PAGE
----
The final days of Canada’s combat role in Afghanistan have brought a slew of books attempting to chronicle the history of Canada’s engagement in the country. What sets Sean Maloney’s Fighting for Afghanistan: A Rogue Historian at War apart is that Maloney is the Canadian army’s official historian. The third in the Rogue Historian series, Fighting for Afghanistan is a micro-history of events in the summer of 2006 that Maloney experienced first-hand.

As such, the first thing that must be said is that Maloney provides a play-by-play of operations that makes the book almost unreadable to those without an understanding of military doctrine and the operational planning process. Dense with military speak about who was where and who commanded them, it is more for the generals than for a general audience. However, the detail is also what makes the book invaluable to those involved in the study of war.

It is clear that Maloney had unprecedented access. Among other insights, he discusses “enemy atmospherics” at length, including specific names of Taliban targets, how they communicate with each other, operations to catch them and whether they succeeded in their aims. At the strategic and tactical levels, he relays the events surrounding any troops in contact (or “tics”) and, notably, the details surrounding soldiers’ deaths — something surely families would appreciate. He also offers insights into the rarely discussed special forces doctrine and the concerns about a lack of coordination between special forces and conventional forces, which created fissures over the sharing of intelligence.

Indeed, he isn’t shy to offer blunt assessments, and his lengthy detours into tactical language, while laborious at times, correct the record on some commonly held assumptions. He debates the concept of “outside the wire,” a term used by the media to mean the only, or any real measure of danger or sacrifice. By describing the capriciousness of the danger (including some of his own close calls), he shows that being in Afghanistan is akin to Russian roulette, and the first time out can kill you. Further, the limitations of the outside-the-wire concept as a measure of sacrifice is obvious in his poignant examples of the psychological aftermath suffered by those who never had cause to use their weapon — as in the case of Mortuary Affairs, the service within the armed forces that is responsible for the recovery, identification and management of human remains.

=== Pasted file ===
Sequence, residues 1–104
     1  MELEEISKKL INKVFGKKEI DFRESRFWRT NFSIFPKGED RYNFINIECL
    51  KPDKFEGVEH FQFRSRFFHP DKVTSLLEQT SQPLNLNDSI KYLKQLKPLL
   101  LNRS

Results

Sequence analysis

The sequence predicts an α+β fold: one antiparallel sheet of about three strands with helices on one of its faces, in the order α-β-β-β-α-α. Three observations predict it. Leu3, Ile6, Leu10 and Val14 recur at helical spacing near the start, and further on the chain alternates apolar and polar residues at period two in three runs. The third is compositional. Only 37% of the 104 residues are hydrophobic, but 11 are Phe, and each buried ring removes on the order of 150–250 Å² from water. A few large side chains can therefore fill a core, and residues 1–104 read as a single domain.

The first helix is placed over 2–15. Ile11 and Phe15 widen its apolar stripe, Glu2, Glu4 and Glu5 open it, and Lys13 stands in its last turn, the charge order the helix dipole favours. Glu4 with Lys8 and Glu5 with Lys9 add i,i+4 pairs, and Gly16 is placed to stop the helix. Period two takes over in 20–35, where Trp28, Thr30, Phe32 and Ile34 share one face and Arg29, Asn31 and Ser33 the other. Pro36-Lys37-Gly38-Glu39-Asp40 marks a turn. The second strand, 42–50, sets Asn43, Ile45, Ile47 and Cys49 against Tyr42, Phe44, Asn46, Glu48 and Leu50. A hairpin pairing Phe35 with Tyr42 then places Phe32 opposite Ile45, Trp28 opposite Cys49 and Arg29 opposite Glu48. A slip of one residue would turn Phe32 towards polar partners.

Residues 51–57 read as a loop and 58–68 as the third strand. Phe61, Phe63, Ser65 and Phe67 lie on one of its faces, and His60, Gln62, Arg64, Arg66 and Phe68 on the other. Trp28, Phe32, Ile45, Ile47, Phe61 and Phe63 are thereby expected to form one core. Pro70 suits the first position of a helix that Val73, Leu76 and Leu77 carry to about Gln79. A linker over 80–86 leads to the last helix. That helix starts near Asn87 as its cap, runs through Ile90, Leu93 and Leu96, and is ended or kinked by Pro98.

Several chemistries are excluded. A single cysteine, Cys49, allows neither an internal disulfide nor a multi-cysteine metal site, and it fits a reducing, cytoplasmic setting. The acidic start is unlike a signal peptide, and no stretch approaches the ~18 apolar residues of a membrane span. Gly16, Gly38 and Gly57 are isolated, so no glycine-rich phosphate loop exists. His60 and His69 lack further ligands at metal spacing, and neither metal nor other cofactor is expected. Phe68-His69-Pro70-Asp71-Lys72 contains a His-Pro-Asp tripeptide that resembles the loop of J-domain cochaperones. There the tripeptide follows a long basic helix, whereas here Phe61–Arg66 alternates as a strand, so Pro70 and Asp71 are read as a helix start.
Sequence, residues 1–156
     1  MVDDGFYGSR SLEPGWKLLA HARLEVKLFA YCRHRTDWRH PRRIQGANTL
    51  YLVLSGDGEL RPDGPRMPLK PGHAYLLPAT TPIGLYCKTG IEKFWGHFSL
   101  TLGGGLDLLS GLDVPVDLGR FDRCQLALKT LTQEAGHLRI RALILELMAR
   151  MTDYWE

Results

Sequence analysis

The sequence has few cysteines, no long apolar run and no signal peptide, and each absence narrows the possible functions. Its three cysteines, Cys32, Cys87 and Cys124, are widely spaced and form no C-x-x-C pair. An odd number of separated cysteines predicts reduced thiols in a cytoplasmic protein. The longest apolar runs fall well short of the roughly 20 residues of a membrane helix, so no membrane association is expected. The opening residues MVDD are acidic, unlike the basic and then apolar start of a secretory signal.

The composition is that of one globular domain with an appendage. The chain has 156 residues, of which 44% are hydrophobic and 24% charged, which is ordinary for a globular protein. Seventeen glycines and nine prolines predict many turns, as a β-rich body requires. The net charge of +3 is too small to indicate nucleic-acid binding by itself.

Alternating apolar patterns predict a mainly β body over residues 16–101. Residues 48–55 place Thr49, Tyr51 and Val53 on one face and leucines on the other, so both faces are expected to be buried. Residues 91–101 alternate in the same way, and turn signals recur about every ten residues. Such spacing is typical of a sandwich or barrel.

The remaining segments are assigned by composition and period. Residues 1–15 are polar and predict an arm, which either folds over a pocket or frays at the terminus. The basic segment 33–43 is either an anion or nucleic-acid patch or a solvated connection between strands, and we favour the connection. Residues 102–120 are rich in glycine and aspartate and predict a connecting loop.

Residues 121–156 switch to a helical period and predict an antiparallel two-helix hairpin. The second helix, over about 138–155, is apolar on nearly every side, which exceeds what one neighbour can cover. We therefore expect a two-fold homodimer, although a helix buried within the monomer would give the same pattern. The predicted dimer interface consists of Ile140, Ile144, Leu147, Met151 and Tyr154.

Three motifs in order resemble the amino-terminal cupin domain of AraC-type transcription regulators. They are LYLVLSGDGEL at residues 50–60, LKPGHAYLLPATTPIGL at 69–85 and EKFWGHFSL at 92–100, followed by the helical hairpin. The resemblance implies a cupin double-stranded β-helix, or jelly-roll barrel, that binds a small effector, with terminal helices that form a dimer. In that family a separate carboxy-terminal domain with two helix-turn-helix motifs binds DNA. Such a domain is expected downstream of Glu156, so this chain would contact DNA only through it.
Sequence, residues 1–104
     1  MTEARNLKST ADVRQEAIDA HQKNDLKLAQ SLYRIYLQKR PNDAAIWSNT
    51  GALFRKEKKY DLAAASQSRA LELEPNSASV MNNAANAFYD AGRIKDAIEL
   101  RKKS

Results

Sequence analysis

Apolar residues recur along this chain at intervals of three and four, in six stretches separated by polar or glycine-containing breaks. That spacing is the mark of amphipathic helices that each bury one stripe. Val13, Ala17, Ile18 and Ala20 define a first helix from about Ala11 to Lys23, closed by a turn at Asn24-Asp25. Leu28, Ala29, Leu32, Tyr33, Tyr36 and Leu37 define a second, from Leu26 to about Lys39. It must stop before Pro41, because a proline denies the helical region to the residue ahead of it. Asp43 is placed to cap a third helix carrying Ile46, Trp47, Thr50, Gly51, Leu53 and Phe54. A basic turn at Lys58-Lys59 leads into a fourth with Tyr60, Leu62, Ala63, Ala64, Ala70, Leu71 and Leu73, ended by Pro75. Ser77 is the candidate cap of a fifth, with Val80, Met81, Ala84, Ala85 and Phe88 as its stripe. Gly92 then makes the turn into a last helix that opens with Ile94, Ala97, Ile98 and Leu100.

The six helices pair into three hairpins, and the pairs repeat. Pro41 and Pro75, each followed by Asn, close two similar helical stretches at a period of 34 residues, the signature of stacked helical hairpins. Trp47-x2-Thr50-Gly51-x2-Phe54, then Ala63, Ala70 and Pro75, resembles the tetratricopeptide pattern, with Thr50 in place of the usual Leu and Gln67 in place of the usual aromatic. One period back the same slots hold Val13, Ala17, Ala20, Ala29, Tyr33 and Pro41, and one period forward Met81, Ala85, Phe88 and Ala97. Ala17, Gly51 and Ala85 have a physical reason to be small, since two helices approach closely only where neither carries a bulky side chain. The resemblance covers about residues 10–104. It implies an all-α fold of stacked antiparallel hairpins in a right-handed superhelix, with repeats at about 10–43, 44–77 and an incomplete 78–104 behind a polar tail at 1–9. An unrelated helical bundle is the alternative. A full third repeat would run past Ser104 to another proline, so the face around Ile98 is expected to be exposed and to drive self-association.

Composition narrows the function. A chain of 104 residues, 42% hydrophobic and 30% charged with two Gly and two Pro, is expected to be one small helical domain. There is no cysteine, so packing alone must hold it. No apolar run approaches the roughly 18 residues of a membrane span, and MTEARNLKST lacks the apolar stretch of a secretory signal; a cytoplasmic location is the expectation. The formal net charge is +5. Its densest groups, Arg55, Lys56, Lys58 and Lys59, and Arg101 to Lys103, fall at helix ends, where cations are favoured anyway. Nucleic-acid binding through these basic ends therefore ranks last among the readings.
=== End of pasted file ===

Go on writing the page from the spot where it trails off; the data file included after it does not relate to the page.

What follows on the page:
Not surprisingly, Maloney struggles throughout the book to communicate the facts and step aside cleanly as historians typically are expected to do. There are occasional flashes of bravado. However, as anyone who has spent time in Afghanistan will attest, a defining moment invariably arrives when it becomes personal. For Maloney these defining moments come as a result of someone close to him being injured, and also a fascinating discussion with a captured Taliban recovering in a hospital at Kandahar Airfield. Throughout the book, Maloney repeatedly speaks of “information operations” or IO activity that influences the perceptions of the Afghan and international communities. As he states, “Perceptions could lose the war and nearly did in the fall of 2006.” Readers who are unfamiliar with the concept will find it irksome to see development assistance described as a “nonkinetic tool to influence the population” rather than an end in itself. However, as a cornerstone of the Western counter-insurgency approach, the effects of influence are undeniable. He puts a fine point on what this means for the average Afghan by describing the dilemma in which communities are caught. “If they supported the Taliban, they wouldn’t get government support. If they supported the government, the Taliban would kill them.”

Indeed, Maloney demonstrates that all politics is local, and he describes in detail the moral complexities of local power players. He shows the layers of tribal, cultural and political relationships in which some characters would rather cause chaos to further their own agendas than not have any hand at all in a more stable Afghanistan.

Maloney demonstrates that all politics is local, and he describes in detail the moral complexities of local power players. He shows the layers of tribal, cultural and political
relationships in which some characters would rather cause chaos to further their own agendas than not have any hand at all in a more stable Afghanistan.

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For their part, the Taliban have understood only too well the effect of influencing the population and have executed a campaign of retribution and fear to undermine the will of not just the Afghanistan people but also of the international community. Through Maloney’s lens we see Canadians not only as witnesses to the war but also as part of the information battleground of the war.

Nevertheless, he ends optimistically, saying that the insurgency was put back on its heels by the operations he describes (I suspect that was not a spoiler), and that “the enemy failed to generate levels of dissent in Canada that would have interfered with Canadian operations in Afghanistan, or resulted in an outright pull-out.”

Maloney speaks to the obstacles that will remain the staples of debate in this and future conflicts and says that “only human reasoning, trust and communication can overcome such obstacles.” This book will invariably educate that debate.

A review of Sean M. Maloney. Fighting for Afghanistan: A Rogue Historian at War. Annapolis, Maryland: US Naval Institute Press, 2011.

Photo: Shutterstock

Renée Filiatrault worked with Task Force Kandahar in southern Afghanistan and served two ministers of national defence and a minister of Indian affairs and northern development. She is a professor at the Algonquin College School of Media, Ottawa.

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